While packaging focuses on product distribution’s physical safeguarding and logistical aspects, labelling emphasises information dissemination and compliance with legal and industry standards.


The packaging design primarily focuses on the structural aspects, aiming to protect the product and ensure its durability during transport and handling. It involves considerations like shape, size, and materials that can withstand environmental stresses and appeal visually to consumers. 

In contrast, the design of labelling centres around graphical elements and readability, ensuring that information is conveyed clearly and effectively. Labels must incorporate brand identity, regulatory information, and consumer appeal within a limited space, requiring a balance between aesthetic appeal and functional clarity.  

To excel in packaging and label design, explore our guides: Tips and Tricks for Best Packaging Designs and Best Practices for Designing Perfect Labels and Barcodes


The choice of material for packaging varies widely, encompassing plastic, cardboard, glass, metal, etc. Materials are selected based on the product’s protection, preservation, and aesthetic needs. They are chosen for their durability, functionality, and impact on the product’s overall presentation.

Labelling materials, however, tend to be more limited. They commonly use paper, plastic, or adhesive films. These materials must support clear printing and adherence to various surfaces while considering environmental factors and regulatory compliance.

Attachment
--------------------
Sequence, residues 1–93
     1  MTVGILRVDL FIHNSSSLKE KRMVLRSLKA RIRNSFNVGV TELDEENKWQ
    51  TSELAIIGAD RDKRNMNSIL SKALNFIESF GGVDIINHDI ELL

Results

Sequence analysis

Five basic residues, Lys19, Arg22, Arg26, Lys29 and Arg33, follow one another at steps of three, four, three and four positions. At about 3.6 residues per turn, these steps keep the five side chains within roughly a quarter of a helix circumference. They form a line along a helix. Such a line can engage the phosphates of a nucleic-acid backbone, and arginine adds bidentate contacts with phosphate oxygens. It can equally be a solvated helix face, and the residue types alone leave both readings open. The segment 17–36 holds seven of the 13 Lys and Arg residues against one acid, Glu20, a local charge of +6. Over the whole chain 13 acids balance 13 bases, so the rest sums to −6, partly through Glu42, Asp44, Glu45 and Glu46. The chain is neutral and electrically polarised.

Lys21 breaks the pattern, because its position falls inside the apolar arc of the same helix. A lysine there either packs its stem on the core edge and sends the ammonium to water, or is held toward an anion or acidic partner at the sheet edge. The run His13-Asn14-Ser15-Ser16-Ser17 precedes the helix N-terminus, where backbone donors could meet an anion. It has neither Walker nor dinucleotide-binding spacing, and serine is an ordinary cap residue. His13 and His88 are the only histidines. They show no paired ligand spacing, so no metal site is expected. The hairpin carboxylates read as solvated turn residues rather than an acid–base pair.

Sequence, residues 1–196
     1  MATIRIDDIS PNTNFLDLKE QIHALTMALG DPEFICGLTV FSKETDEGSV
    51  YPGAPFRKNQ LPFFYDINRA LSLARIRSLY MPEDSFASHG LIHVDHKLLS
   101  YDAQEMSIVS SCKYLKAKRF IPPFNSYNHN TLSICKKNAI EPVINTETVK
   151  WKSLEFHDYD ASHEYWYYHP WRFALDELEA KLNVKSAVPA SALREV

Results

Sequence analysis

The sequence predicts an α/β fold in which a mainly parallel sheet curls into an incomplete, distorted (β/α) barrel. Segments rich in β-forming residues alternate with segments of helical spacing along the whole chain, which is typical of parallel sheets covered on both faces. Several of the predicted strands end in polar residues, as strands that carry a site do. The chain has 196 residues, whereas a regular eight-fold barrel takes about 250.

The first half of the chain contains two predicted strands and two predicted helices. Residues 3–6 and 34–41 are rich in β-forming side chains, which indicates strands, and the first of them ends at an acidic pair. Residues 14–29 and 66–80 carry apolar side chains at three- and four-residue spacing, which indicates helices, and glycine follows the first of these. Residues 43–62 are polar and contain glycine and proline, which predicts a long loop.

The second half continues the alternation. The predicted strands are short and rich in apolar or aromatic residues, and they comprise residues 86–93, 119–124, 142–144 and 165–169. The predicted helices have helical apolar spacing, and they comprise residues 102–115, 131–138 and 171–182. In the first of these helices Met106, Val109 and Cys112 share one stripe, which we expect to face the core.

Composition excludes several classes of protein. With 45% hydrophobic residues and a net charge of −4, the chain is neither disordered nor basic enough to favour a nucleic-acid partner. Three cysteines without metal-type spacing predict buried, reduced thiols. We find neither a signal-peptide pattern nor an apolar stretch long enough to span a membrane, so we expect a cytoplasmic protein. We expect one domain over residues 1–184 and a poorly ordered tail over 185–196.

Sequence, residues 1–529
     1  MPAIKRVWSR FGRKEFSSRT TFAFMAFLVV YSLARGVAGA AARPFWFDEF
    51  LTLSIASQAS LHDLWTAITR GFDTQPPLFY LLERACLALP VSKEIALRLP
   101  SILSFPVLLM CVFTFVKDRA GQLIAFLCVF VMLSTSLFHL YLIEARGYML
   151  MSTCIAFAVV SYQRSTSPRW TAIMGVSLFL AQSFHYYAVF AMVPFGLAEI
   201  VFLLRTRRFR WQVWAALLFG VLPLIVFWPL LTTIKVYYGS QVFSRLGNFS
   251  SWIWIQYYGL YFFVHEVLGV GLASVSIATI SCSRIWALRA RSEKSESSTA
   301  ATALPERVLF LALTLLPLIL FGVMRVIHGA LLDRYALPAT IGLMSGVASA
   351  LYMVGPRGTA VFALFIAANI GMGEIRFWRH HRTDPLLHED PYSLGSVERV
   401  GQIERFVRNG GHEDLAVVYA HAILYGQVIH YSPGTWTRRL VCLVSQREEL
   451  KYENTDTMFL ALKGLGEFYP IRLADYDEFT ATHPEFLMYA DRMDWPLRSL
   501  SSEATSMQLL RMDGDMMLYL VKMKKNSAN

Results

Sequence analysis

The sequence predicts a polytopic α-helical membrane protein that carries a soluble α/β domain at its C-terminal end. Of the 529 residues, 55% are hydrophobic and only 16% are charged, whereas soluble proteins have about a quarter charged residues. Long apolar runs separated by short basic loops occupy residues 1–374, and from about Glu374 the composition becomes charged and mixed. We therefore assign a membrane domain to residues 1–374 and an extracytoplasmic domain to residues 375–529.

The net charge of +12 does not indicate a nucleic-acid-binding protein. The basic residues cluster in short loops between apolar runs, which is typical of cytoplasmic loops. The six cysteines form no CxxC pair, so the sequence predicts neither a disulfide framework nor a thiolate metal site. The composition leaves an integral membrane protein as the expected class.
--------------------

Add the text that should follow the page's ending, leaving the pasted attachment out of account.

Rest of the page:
Packaging materials are focused on structural integrity and environmental conditions, whereas labelling materials prioritise information clarity, adherence, etc.

As a premier supplier of labelling essentials, Triton Store stands out with its wide-ranging collection of labelling products. Our inventory boasts top-tier thermal transfer ribbons, diverse thermal labels suited for different purposes, robust thermal carton labels, bespoke thermal carcass tags tailored for the meat sector, thermally safe food inserts, crisp high-resolution receipt rolls, and personalised labels for logistics and shipping demands.

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Legal and Regulatory Requirements